Has it worked for Africa?

Africa has been the second biggest beneficiary of the Aid for Trade initiative after Asia. Under the initiative, countries on the continent received a total of US$233.18 billion from 2006 to 2022. This accounted for 36% of the total disbursements extended to all developing countries. It covered infrastructure, capacity building, policy and adjustment costs.

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Geographical and logistical challenges often inflate trade costs in Africa. That’s why the initiative mostly funds projects like port facilities, trade corridors and telecommunications infrastructure across the continent.

In our recent analysis, we examined the initiative’s impact on trade costs. We found that the initiative’s trade cost reduction effects were higher among African countries with relatively good infrastructure networks.

What are Africa’s key success stories?

Aid for Trade projects have improved transport networks, customs procedures and trade-related institutions.

The success stories from Africa include:

  • The Busia One-Stop Border Post Project between Uganda and Kenya. The project was launched in 2010 with funding from the World Bank’s East African Trade and Transport Project. It aimed to reduce the average border crossing time by 30%. The project has since cut the average time it takes to cross from Busia (Uganda) to Busia (Kenya) by 80%. The customs processing time in Busia, Kenya, is now down by 98%, while that of Busia, Uganda, has dropped by 69%.
  • The Chirundu Border Post in Zimbabwe. This pilot project was launched in 2005 with funding and technical assistance from the Japan International Co-operation Agency and the World Bank. The upgrade has enabled faster movement of people, vehicles and goods between Zimbabwe and Zambia.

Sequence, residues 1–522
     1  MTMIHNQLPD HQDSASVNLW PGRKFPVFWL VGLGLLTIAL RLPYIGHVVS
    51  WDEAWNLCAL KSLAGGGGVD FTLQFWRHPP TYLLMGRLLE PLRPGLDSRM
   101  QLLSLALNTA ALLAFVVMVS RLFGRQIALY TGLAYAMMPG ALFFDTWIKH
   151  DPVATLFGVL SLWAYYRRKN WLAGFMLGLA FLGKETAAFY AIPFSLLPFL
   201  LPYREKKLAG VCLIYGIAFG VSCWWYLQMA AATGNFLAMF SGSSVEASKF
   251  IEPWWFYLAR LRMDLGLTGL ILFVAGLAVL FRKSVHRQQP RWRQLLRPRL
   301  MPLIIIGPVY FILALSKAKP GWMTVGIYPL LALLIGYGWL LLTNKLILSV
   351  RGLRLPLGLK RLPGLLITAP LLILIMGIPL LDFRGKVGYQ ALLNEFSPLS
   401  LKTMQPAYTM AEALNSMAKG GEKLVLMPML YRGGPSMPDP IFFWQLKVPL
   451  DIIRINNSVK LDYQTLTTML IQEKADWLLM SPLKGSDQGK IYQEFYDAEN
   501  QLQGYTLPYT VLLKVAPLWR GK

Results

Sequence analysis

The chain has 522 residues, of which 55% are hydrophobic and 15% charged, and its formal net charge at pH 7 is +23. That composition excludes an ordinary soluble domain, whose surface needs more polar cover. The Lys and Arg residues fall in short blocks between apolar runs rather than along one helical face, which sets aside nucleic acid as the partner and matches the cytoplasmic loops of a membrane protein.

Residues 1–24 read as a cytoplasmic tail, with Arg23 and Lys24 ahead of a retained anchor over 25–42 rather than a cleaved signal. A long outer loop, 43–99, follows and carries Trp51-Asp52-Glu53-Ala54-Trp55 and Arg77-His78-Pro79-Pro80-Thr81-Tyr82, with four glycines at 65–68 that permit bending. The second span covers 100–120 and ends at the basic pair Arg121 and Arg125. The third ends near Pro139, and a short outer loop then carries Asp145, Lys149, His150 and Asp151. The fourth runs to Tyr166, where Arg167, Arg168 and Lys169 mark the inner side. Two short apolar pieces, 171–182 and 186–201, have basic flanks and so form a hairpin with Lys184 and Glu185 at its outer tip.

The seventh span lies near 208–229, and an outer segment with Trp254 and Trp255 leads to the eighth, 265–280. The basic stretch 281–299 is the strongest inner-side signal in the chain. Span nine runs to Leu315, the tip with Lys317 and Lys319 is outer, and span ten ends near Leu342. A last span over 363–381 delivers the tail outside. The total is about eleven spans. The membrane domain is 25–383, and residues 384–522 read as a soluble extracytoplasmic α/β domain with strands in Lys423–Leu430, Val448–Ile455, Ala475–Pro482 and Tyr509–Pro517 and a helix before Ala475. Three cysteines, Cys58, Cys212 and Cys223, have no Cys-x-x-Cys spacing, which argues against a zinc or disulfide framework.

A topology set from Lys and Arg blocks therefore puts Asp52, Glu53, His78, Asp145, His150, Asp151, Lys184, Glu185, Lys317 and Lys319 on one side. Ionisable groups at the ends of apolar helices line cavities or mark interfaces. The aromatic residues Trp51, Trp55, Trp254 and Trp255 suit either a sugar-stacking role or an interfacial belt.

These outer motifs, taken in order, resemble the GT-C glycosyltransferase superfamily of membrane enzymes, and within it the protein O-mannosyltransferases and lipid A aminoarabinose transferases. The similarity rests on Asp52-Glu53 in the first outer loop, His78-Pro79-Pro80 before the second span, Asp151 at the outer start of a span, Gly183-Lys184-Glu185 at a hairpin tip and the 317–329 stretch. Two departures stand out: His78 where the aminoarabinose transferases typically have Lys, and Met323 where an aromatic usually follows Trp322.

• The East Africa Trade and Transport Facilitation Project. Launched in 2006, it aimed to improve traffic flow on the corridor linking Mombasa seaport in Kenya to Kampala (Uganda), Kigali (Rwanda), the DRC and South Sudan. It was funded by the World Bank at US$260 million, and supported by the African Development Bank, the EU, Japan, and the UK. The project has reduced transit times from Mombasa to Kampala from 15 to 5 days and cut average waiting times at Mombasa port from 19 to 13 days.
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These projects are all supported by multilateral agencies and bilateral sources of Aid for Trade funding. Their success shows the initiative can lower trade barriers and enhance economic efficiency across the continent.

What remains to be done?

Africa still faces capacity constraints. It has limited funds for research and development, low capability to negotiate trade issues, and challenges in meeting multilateral trading commitments. Market access difficulties, such as restrictive rules of origin, also continue to undermine the Aid for Trade gains. Weak institutional frameworks, infrastructure deficiencies and widespread corruption still inflate the region’s trading costs. Matters are also complicated by poor regional coordination, varying regulations and conflicting standards across borders.

What’s needed are:

  • institutional capacity
  • transparency
  • accountability in aid administration
  • robust monitoring and evaluation mechanisms.

The Aid for Trade projects should also match the developmental priorities of recipient countries.

Countries need to develop policies that create a favourable business environment. This means reducing bureaucracy, enhancing judicial independence, and protecting investor rights.

Finally, countries should commit to regional cooperation to boost intra-African trade. This includes harmonising customs regulations and standardising trade documentation. It also means investing in continent-wide infrastructure projects that link local markets to major trade hubs.

BEDASSA TADESSE, Professor of Economics, University of Minnesota Duluth


Professor of Economics, University of Minnesota Duluth